When she initially published it, two members on my page accused her of photoshop and one was so indignant at being asked to remove or comment or be blocked, that she went to Little Harbour the next day to prove Doreen to be a cheat. Of course, standing in the correct location, she got a great photo of an iceberg she had not even noticed the day before from that community. She apologized profusely and admited to having learned a lesson.
Doreen and I don’t mind being part of someone’s new awarenss or learning something new. We are life long learners and teachers.
It’s when folks dig themselves deeper that we get riled.
Bill Hudson, a writer for Pagosa Daily Post recently wrote some articles using an iceberg analogy for a business theme. We’ve all seen it, the tip represents one things and the submerged part represents various unseen elements. The visual is used often in education, motivational speeches, etc. Somehow, this made him an iceberg photography expert.
Someone then sent him a link to Doreen’s photo of an iceberg and he posted a blog post called “The wonders of an Iceberg” accusing her of photoshopping the image. Not only did he not contact her to ask about the image, he quoted her from a CBC article where she explained that the image was direct from the camera, therefore also calling her a liar.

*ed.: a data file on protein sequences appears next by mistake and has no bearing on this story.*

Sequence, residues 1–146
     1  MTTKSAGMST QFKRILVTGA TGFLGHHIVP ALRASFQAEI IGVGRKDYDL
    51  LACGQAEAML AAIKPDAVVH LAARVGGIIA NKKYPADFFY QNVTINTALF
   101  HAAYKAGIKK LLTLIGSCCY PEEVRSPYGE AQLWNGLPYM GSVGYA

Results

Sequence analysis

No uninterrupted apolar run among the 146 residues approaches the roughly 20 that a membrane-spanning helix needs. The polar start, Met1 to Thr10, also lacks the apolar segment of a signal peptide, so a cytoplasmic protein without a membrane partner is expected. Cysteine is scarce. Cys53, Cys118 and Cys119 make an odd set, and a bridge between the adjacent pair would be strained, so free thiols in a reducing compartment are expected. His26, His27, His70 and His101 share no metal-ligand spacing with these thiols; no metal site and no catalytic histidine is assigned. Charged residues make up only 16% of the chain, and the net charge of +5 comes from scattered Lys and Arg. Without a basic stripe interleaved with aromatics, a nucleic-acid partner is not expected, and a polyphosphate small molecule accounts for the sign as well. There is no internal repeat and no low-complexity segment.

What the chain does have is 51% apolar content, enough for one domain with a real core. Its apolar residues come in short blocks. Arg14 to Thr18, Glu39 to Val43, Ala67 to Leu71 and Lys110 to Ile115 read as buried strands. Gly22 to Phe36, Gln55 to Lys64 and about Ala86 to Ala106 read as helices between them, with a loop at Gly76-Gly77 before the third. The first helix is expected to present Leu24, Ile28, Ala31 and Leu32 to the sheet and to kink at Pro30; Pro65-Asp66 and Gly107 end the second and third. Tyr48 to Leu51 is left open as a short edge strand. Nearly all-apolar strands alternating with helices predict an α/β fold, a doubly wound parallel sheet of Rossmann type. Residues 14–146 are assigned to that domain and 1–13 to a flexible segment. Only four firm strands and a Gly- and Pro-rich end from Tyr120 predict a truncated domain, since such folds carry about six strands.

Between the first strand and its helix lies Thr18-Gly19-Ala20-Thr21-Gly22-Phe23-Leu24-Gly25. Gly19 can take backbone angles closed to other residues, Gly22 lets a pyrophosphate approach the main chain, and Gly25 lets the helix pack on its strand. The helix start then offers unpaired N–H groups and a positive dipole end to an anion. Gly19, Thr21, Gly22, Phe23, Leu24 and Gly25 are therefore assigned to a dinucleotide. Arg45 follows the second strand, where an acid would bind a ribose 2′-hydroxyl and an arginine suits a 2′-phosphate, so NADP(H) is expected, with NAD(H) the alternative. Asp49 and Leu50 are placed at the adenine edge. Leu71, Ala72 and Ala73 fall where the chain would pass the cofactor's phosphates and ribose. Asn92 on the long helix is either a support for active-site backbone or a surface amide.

When contacted by Doreen by email, he challenged her to produce other images to prove her ablity to take such a photo and then edited the title of his blog to add the word photoshopped. So he is now an ‘expert’ on the “Wonders of Photoshopped Icebergs”.
When in doubt, I encourage you to do research. On any topic but also to check reliable sources and multiple sources. There are hundreds of images of this iceberg and Bill’s seem to be the only ones photoshopped to add palm trees.
Doreen and I have had many long conversations over the people who accuse her of having to fake photos.
They obviously don’t know she’s photographed thousands of icebergs or that she and her husband often took professional photographers on tour so they could get their perfect ‘unbelieveable’ shots.